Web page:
In 2016, White and his team at NASA published the first peer-reviewed experimental evidence that appeared to show the EmDrive actually producing thrust. The results of White’s experiment and the theory behind it remain controversial. No one can agree about whether the device actually produced thrust or how to explain it if it did. But the fact that NASA was even supporting this kind of far-out research was good news for anyone planning a vacation to Alpha Centauri.
At Limitless, White wants to take the research even further, but he won’t be building any engines—at least not yet. Instead, he’ll be probing the fundamental physics that he and others believe may explain how exotic propulsion systems like the EmDrive work. He calls it a dynamic vacuum model, and it cuts to the heart of what we talk about when we talk about “physical reality.”
Most physicists today view the physical world as a soup of subatomic particles like photons, quarks, and neutrinos in which the location of a particle at any given time is a matter of probability. This picture of reality is known as the Copenhagen interpretation of quantum mechanics. It may be the most popular scientific theory of reality, but it’s far from the only one. A competing view, known as pilot wave theory, says the quantum world is deterministic. In this theory, subatomic particles are “piloted” along a definite path like a train on its tracks, and the only reason their location appears nondeterministic is that we don’t understand the deeper quantum field that may ultimately constitute reality.
This quantum field is referred to as the quantum vacuum and can be thought of as the vast, undulating floor upon which the rest of reality is built. If you were to take all the matter out of the universe and bring the temperature down to absolute zero, the quantum vacuum would be what’s left. We’re accustomed to thinking of vacuums as totally empty, but the quantum vacuum is never truly empty. Electromagnetic waves and particles are popping in and out of existence all the time, and it’s these energy fluctuations that give rise to the physical world.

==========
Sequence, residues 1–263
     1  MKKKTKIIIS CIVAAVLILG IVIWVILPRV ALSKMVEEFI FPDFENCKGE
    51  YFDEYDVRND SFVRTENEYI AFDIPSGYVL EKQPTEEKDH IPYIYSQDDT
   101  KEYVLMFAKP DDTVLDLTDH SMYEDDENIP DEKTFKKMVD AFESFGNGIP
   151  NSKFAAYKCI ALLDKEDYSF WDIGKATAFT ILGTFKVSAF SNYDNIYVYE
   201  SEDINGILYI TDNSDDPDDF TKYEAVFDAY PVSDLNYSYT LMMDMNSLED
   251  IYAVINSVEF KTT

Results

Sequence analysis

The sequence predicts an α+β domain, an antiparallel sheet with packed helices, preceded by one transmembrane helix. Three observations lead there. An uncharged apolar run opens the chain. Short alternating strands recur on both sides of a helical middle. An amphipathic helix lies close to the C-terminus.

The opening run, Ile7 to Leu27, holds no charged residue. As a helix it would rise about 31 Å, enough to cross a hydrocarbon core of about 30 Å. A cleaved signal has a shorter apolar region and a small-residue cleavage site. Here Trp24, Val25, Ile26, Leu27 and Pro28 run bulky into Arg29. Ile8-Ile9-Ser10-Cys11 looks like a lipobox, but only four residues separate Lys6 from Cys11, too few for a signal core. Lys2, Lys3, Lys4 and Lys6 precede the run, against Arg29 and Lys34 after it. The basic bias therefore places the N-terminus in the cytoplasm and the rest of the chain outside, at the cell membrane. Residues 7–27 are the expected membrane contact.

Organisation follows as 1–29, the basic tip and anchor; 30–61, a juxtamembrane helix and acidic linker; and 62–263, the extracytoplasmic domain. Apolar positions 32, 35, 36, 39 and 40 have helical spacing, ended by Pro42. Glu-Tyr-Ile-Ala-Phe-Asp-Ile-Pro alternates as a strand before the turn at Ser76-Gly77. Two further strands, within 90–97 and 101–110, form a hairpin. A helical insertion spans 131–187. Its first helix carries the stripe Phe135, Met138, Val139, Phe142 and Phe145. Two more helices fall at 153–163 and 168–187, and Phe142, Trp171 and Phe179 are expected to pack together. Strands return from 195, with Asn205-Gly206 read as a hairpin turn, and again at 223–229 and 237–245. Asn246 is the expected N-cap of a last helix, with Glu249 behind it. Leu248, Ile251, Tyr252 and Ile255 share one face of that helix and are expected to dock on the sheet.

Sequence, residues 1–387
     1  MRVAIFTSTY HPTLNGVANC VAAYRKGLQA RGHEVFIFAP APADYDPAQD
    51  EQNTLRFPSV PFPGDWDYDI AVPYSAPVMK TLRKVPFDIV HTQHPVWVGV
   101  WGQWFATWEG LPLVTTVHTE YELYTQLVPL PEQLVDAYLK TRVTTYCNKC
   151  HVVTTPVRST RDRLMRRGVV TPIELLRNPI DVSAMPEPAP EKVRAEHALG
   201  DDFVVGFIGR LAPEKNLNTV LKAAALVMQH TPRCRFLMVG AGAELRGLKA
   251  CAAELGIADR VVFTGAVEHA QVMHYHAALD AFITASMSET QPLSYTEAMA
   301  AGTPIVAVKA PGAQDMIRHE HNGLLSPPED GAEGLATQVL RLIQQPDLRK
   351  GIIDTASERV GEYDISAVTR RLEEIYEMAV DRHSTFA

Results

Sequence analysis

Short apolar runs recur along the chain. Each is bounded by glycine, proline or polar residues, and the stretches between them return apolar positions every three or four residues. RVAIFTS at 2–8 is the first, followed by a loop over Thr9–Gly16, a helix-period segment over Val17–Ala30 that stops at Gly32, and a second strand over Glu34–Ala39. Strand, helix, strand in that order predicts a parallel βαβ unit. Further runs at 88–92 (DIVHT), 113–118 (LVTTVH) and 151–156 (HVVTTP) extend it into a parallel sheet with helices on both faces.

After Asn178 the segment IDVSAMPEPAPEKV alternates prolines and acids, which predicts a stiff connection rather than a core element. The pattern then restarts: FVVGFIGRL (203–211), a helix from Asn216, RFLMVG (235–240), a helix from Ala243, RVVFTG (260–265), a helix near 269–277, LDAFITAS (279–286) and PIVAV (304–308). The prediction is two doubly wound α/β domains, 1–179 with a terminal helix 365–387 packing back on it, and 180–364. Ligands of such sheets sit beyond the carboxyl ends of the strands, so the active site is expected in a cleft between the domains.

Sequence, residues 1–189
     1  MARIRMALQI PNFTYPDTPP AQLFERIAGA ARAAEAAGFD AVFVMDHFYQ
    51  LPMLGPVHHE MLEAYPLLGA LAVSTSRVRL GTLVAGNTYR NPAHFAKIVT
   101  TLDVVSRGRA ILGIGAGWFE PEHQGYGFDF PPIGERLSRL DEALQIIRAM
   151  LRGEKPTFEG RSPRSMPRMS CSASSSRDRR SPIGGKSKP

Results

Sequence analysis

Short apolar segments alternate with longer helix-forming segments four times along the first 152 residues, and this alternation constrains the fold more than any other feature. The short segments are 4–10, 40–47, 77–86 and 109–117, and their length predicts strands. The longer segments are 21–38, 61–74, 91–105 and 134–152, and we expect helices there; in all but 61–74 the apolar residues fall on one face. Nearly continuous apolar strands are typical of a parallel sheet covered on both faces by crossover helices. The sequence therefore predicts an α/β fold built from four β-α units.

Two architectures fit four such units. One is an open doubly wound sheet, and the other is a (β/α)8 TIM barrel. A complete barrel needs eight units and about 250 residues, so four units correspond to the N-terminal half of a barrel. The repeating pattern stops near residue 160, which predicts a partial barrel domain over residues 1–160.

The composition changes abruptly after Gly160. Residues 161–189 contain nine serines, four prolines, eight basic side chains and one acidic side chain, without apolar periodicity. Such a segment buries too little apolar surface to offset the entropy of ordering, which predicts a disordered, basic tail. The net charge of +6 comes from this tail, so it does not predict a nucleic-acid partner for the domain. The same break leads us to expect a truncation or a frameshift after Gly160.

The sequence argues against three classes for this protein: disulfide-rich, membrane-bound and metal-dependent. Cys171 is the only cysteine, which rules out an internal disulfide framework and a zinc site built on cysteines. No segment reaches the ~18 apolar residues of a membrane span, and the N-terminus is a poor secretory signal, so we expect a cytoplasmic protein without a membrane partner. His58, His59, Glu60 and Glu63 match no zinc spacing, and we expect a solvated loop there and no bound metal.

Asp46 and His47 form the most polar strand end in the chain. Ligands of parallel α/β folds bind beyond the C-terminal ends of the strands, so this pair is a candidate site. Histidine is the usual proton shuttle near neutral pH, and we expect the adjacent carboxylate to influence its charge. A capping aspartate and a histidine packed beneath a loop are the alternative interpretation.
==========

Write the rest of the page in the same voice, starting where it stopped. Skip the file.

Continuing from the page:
It’s pretty heady stuff, but if physicists can get a better understanding of the quantum vacuum—assuming it exists—they could, in principle, tap its energy to power a spacecraft. Indeed, this is a potential theoretical explanation White and his colleagues at NASA offered for how an engine like the EmDrive might be able to produce thrust. It’s hardly the only explanation—arguably the most convincing one is that the observed thrust was actually just a measurement error.
“Harold tried to come up with a theory to explain the EmDrive by calling it a quantum vacuum thruster,” says Martin Tajmar, a physicist at Dresden University of Technology who studies advanced propulsion systems. “His intuition is good, but the concepts he uses and cites are controversial. Only the experiment counts—no accepted theory has been put on the table that predicts any of this.”
It’s one thing to have a theory about why an EmDrive should work, and quite another to have experimental evidence of it in action. White and his colleagues at NASA appeared to have both, but so far no one has been able to replicate their results. Tajmar runs the SpaceDrive program at Dresden where he builds ultrasensitive devices capable of detecting almost imperceptible amounts of thrust. He uses these devices to try to replicate the results of EmDrive studies that appeared to produce thrust like the one conducted by White and his colleagues at NASA.
Tajmar hasn’t seen anything yet, but he says that doesn’t mean that probing the physics with experiments isn’t worthwhile. He compared it to high-temperature superconductivity, a physical phenomenon that may revolutionize electromagnetic technologies, but that wasn’t predicted in theory. “We need to be lucky, have a good intuition, and just try things that were never tested,” Tajmar says. “We were lucky to find high-temperature superconductivity by continuously trying, and hopefully the same thing will happen with breakthrough propulsion.”